Document Open Access Logo

The Functional Machine Calculus II: Semantics

Authors Chris Barrett, Willem Heijltjes, Guy McCusker



PDF
Thumbnail PDF

File

LIPIcs.CSL.2023.10.pdf
  • Filesize: 0.67 MB
  • 18 pages

Document Identifiers

Author Details

Chris Barrett
  • Department of Computer Science, University of Bath, UK
Willem Heijltjes
  • Department of Computer Science, University of Bath, UK
Guy McCusker
  • Department of Computer Science, University of Bath, UK

Acknowledgements

Pierre Clairambault, Ugo Dal Lago, Anupam Das, Giulio Guerrieri, Jim Laird, Paul Levy, Simon Peyton Jones, John Power, Alex Simpson, Vincent van Oostrom.

Cite AsGet BibTex

Chris Barrett, Willem Heijltjes, and Guy McCusker. The Functional Machine Calculus II: Semantics. In 31st EACSL Annual Conference on Computer Science Logic (CSL 2023). Leibniz International Proceedings in Informatics (LIPIcs), Volume 252, pp. 10:1-10:18, Schloss Dagstuhl - Leibniz-Zentrum für Informatik (2023)
https://doi.org/10.4230/LIPIcs.CSL.2023.10

Abstract

The Functional Machine Calculus (FMC), recently introduced by the second author, is a generalization of the lambda-calculus which may faithfully encode the effects of higher-order mutable store, I/O and probabilistic/non-deterministic input. Significantly, it remains confluent and can be simply typed in the presence of these effects. In this paper, we explore the denotational semantics of the FMC. We have three main contributions: first, we argue that its syntax - in which both effects and lambda-calculus are realised using the same syntactic constructs - is semantically natural, corresponding closely to the structure of a Scott-style domain theoretic semantics. Second, we show that simple types confer strong normalization by extending Gandy’s proof for the lambda-calculus, including a small simplification of the technique. Finally, we show that the typed FMC (without considering the specifics of encoded effects), modulo an appropriate equational theory, is a complete language for Cartesian closed categories.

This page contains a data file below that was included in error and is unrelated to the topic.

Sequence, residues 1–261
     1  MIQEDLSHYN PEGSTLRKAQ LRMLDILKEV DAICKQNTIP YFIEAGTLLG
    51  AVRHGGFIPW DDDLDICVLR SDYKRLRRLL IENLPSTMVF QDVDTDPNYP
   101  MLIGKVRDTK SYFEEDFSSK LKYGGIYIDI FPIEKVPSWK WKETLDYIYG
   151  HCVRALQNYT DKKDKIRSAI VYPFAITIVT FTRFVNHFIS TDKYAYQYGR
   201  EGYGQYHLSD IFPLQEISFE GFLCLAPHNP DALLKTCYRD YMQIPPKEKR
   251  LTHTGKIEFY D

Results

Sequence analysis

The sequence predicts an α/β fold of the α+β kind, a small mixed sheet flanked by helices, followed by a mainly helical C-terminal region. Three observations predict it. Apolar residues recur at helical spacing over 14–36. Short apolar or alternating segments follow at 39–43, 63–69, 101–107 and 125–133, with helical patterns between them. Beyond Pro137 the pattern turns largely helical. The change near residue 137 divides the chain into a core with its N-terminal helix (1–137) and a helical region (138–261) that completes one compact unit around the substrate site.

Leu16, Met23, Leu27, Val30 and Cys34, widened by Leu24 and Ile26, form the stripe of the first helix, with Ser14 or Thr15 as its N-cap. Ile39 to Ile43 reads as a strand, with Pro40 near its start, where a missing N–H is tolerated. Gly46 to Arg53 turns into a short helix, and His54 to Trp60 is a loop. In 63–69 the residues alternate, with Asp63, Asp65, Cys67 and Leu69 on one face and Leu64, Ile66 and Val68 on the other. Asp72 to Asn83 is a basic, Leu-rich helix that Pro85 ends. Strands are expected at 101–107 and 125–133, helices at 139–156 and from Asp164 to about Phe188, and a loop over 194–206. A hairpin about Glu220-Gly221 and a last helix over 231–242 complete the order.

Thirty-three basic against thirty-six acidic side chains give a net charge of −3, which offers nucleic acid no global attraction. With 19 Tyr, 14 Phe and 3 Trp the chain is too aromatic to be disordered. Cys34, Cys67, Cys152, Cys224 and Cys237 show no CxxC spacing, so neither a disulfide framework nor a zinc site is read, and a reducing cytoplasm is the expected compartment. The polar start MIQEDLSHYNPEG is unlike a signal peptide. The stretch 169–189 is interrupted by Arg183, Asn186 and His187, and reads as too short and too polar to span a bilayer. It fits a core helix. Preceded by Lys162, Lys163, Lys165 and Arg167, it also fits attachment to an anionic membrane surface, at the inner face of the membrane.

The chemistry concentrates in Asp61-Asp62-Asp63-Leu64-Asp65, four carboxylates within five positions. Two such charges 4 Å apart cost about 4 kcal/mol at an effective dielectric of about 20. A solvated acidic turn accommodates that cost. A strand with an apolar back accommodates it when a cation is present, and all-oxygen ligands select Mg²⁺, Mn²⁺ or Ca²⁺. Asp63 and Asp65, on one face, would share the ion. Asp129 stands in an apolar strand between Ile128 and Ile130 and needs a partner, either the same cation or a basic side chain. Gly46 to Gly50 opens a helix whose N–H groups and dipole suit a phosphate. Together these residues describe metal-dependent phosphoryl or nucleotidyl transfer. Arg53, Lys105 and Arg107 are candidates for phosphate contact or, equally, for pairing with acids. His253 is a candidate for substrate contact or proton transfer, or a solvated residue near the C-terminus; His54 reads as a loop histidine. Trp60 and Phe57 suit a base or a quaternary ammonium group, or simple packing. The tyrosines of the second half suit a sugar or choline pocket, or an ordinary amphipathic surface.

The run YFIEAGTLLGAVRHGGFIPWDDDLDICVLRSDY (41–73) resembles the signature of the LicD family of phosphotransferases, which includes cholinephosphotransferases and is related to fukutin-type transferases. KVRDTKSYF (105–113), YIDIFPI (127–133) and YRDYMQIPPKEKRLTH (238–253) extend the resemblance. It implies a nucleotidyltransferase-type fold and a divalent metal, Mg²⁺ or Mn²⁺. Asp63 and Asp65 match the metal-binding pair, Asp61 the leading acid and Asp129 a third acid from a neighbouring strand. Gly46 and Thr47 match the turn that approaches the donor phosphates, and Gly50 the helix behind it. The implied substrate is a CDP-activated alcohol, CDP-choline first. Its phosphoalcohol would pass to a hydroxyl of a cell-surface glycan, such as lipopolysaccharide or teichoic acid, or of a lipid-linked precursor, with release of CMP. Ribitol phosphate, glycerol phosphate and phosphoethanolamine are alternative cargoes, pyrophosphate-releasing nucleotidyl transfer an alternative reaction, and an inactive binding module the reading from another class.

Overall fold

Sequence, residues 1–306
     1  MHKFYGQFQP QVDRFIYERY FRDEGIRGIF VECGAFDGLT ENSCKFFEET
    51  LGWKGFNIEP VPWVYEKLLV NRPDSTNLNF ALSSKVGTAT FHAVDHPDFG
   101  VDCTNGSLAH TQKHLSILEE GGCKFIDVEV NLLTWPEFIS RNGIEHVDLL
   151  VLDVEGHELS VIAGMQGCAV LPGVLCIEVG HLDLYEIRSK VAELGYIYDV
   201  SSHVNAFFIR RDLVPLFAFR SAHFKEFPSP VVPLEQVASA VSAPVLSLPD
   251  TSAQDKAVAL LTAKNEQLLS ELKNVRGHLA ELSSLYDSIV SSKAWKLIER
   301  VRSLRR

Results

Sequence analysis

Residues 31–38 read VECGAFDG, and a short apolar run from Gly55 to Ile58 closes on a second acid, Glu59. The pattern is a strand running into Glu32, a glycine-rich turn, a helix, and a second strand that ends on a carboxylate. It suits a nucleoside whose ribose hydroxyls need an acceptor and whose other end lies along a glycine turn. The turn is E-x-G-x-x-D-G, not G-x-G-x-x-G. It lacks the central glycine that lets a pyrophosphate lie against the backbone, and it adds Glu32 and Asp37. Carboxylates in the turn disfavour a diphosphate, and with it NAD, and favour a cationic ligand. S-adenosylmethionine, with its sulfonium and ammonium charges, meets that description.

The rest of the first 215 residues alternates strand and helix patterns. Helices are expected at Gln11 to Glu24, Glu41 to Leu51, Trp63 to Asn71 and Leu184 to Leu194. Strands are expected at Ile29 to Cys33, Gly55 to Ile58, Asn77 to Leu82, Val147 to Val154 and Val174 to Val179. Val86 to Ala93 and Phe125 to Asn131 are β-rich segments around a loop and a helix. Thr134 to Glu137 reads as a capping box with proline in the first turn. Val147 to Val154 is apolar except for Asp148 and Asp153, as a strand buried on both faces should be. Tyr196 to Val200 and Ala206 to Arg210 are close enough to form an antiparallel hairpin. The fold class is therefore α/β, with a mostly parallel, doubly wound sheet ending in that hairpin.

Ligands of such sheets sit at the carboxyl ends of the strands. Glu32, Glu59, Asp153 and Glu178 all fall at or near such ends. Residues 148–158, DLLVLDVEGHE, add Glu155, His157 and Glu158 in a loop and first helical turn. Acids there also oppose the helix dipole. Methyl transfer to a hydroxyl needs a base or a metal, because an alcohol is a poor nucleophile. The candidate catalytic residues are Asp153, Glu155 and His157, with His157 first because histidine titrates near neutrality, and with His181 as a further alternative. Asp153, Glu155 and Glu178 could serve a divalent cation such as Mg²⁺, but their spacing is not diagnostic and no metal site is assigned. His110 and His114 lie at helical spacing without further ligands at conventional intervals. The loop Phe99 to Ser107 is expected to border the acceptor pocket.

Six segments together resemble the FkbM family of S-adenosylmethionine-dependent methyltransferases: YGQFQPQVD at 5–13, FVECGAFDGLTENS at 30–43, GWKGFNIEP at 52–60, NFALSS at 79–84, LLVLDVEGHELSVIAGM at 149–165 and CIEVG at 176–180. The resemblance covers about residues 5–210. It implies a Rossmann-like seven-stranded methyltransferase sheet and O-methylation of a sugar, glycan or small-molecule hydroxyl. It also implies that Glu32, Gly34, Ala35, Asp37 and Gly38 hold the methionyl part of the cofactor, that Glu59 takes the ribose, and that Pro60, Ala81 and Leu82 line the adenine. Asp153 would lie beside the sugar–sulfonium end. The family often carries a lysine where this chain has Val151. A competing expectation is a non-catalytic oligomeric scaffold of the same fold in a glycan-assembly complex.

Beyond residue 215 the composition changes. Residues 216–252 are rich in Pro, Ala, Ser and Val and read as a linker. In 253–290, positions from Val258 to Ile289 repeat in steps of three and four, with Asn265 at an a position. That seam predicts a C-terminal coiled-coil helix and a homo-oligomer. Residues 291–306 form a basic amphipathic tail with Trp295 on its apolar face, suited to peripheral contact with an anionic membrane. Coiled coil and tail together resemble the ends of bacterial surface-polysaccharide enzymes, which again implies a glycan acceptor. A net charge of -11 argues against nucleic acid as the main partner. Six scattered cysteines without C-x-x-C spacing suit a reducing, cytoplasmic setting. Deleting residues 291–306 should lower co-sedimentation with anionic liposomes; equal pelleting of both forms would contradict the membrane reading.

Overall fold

Subject Classification

ACM Subject Classification
  • Theory of computation
Keywords
  • lambda-calculus
  • computational effects
  • denotational semantics
  • strong normalization

Metrics

  • Access Statistics
  • Total Accesses (updated on a weekly basis)
    0
    PDF Downloads

References

  1. Mario Alvarez-Picallo, Dan R. Ghica, David Sprunger, and Fabio Zanasi. Functorial string diagrams for reverse-mode automatic differentiation. Computer Science Logic (CSL) 2023, 2023. URL: http://arxiv.org/abs/2107.13433.
  2. Roel de Vrijer. Exactly estimating functionals and strong normalization. Indagationes Mathematicae (Proceedings), 90(4):479-493, 1987. Google Scholar
  3. Robin Gandy. Proofs of strong normalization. In Jonathan P. Seldin and J. Roger Hindley, editors, To H.B. Curry: Essays on Combinatory Logic, Lambda Calculus and Formalism, pages 457-477. Academic Press, 1980. Google Scholar
  4. Inge Gørtz, Signe Reuss, and Morten Sørensen. Strong normalization from weak normalization by translation into the Lambda-I-calculus. Higher-Order and Symbolic Computation, 16:253-285, 2003. URL: https://doi.org/10.1023/A:1025693307470.
  5. Masahito Hasegawa. Decomposing typed lambda-calculus into a couple of categorical programming languages. In International Conference on Category Theory and Computer Science, 1995. Google Scholar